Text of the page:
ChatGPT for Coding: A Love-Hate Relationship with Our AI Assistant

Are you tired of struggling through coding challenges alone? Enter ChatGPT, the AI assistant here to lend a virtual hand! But before you get your hopes up, let’s set the record straight: ChatGPT is far from perfect. In fact, it’s more like that quirky sidekick who occasionally messes up and leaves you scratching your head. So, grab your debugging tools and brace yourself for a wild ride!

When it comes to using ChatGPT for coding, be prepared for some bumpy interactions. Giving the right instructions can feel like trying to explain complex algorithms to a mischievous monkey with a typewriter. Sometimes, it just doesn’t quite get what you’re asking for, resulting in responses that are more “404” than “A-OK.” But hey, we can’t blame it entirely; teaching AI to code is like trying to train a cat to play fetch. It’s a work in progress, and we’re all in it together.

Mistakes? Oh boy, there will be plenty! ChatGPT may have its moments of brilliance, but it’s also prone to some epic fails. Getting the right answer often requires multiple attempts, like trying to fit a square peg into a round hole. But fear not, fellow programmers, because while the AI revolution might be on the horizon, SkyNet isn’t coming to claim our jobs just yet. So, embrace the quirks, have a laugh, and keep sharpening your own coding skills. ChatGPT is here to help, but it’s still a long way from taking over the world – let alone your favorite coding editor.

In conclusion, using ChatGPT for coding is like embarking on a thrilling roller coaster ride. It’s an experience filled with both frustration and amusement. While our AI assistant is far from perfect and can stumble over instructions like a toddler learning to walk, it offers a glimpse into the potential of AI in supporting our coding endeavors. So, fasten your seatbelts, keep your expectations in check, and enjoy the wild journey of coding with ChatGPT by your side. After all, we’re still firmly in control of our keyboards, and SkyNet can wait for another day.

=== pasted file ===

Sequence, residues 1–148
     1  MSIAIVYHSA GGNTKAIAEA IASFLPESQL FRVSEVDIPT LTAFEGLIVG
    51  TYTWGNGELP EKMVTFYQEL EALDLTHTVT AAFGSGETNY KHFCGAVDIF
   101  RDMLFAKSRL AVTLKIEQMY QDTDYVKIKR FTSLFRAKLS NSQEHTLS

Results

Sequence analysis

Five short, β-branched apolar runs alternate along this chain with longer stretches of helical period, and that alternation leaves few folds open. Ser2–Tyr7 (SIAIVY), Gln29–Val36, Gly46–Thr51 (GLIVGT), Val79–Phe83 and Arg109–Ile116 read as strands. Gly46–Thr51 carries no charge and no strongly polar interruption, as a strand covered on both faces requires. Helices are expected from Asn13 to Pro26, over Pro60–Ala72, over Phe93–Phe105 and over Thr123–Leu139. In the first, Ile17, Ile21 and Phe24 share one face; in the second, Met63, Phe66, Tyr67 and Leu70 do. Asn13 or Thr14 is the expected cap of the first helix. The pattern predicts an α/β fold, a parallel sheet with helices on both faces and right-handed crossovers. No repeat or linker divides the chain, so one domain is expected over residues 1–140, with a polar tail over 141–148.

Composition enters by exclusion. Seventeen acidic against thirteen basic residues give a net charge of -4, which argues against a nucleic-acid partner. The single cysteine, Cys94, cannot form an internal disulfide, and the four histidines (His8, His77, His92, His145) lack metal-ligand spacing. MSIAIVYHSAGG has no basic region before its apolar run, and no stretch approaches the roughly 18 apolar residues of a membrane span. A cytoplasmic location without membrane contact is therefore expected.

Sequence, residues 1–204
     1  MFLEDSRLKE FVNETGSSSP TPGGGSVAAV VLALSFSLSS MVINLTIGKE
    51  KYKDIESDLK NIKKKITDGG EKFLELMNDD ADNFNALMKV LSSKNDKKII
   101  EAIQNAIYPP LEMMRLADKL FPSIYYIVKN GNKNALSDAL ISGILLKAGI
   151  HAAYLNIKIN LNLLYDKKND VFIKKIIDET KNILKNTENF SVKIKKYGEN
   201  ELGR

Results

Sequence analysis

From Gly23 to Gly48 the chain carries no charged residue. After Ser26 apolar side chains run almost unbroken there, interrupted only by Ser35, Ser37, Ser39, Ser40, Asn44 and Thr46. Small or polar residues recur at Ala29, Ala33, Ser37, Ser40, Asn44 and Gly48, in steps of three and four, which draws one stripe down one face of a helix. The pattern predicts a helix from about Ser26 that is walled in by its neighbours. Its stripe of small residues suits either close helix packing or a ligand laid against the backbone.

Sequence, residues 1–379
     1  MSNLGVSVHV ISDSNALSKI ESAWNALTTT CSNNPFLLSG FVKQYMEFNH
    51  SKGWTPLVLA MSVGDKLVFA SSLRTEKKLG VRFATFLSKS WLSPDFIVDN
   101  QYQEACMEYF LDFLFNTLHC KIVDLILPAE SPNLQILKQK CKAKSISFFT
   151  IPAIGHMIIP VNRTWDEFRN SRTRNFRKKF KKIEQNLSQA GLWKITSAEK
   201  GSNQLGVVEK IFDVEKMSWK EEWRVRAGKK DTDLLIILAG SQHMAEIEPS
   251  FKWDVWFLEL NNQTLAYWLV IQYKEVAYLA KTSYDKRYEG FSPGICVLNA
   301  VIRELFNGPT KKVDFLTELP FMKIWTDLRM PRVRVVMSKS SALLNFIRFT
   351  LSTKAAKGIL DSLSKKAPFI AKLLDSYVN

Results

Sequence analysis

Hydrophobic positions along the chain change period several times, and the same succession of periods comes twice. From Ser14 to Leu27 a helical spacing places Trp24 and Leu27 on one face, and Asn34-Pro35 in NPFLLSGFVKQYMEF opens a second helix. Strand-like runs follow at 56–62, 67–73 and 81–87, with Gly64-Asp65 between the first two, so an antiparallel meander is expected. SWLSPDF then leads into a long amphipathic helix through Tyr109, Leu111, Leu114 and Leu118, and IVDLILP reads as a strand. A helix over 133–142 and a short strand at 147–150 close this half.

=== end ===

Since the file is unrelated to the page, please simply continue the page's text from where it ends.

The instructions appeared to be simple enough but it took my quirky assistant more than 20 attempts to get it right. Coding, breaking, recoding and so on.

provide a Bootstrap5.2 template for a live search. Add a script that calls a json library located ‘assets/movies.json’. the json structure is this: { “ImdbId”: “tt2093185”, “_id”: “tt2093185”, “name”: “Mogudu”, “poster_url”: “”, “year”: “2011”, “certificate”: “”, “runtime”: “159 min”, “genre”: [ “Drama” ], “ratingValue”: “3.7”, “summary_text”: “A couple truly in love get married. On the day of marriage just after the ritual due to a stupid reason an argument sparks, egoes crash which turns into violence. The couple separates. How they finally unite is rest of the movie.”, “ratingCount”: “255”, “director”: { “name”: “Krishna Vamsi”, “name_id”: “nm0885537” }, “cast”: [ { “name”: “Gopichand”, “name_id”: “nm1385228” }, { “name”: “Taapsee Pannu”, “name_id”: “nm3966456” }, { “name”: “Rajendra Prasad”, “name_id”: “nm0707399” }, { “name”: “Shraddha Das”, “name_id”: “nm3642275” } ] }, I want to be able to search by year, name, cast and genre

We got there in the end: